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January 5, 2010
The Future Could be a Gimmick

Public relations people need to know what they're relating to, and an important focus is the future. But what's the future? How can you know with any certainty what it holds or where to look to head there? Well, you can't tape the future to your monitor as though it's a sticky note. With an open-enough mind, you may garner some signs of the future sooner than others who aren't so perceptive.

All this is preamble to a marvelous piece in this month's KMWorld magazine, "The future is a gimmick," by David Weinberger. The future may begin with inventions, as it did with Fulton's steamboat and the Wrights' flying machine, but at the time those devices were rolled (or floated) out, Weinberger notes, they appeared to many as gimmicks, with little practical value. The same logic applied to the Hula-Hoop and Velcro.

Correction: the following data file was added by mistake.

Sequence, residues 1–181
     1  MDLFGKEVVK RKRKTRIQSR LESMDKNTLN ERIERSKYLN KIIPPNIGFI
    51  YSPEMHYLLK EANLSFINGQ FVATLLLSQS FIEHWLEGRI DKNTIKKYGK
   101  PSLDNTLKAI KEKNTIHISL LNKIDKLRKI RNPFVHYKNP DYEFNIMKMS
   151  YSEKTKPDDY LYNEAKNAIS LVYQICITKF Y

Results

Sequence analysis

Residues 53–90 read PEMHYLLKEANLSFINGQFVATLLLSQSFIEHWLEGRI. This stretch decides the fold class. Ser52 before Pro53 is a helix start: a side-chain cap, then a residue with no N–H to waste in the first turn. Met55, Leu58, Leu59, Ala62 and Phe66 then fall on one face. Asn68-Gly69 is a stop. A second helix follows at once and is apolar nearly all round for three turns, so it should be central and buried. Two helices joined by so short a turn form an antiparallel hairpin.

"The Hula-Hoop remained just a Hula-Hoop," Weinberger adds, "but Velcro became the very basis of civilized society."

The Internet makes it even harder to detect the future because the Web is so dispersed and diverse, but out there, the future is forming. People who aspire to be future detectors need to be specially attuned and alert to spot signs of it emerging, and that's what PR people are, right?

Okay, some of us haven't done so well in spotting the application of social media to the needs of clients, and we still don't get what Twitter can do for them. But that just means we've got to be more studious, more alert, and more willing to engage with "gimmicks" that may, indeed, be harbingers of the future. Doing so will make life more interesting and give us more to read and speculate about. Being future-conscious will help us develop and grow in the present. 

So keep your eyes, and perceptions, out for Weinberger's "gimmicks." They may be signs of where we're headed, and you may get there first. 




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Doug Bedell has a background in journalism and PR and is the owner of Resource Relations LLC in Central PA, focusing on organizational and crisis communication. He’s the community manager of SimplyFair.net, a social network on fairness. On the Web, Doug’s at www.ResourceRelations.com. On Twitter, he’s @DougBeetle.
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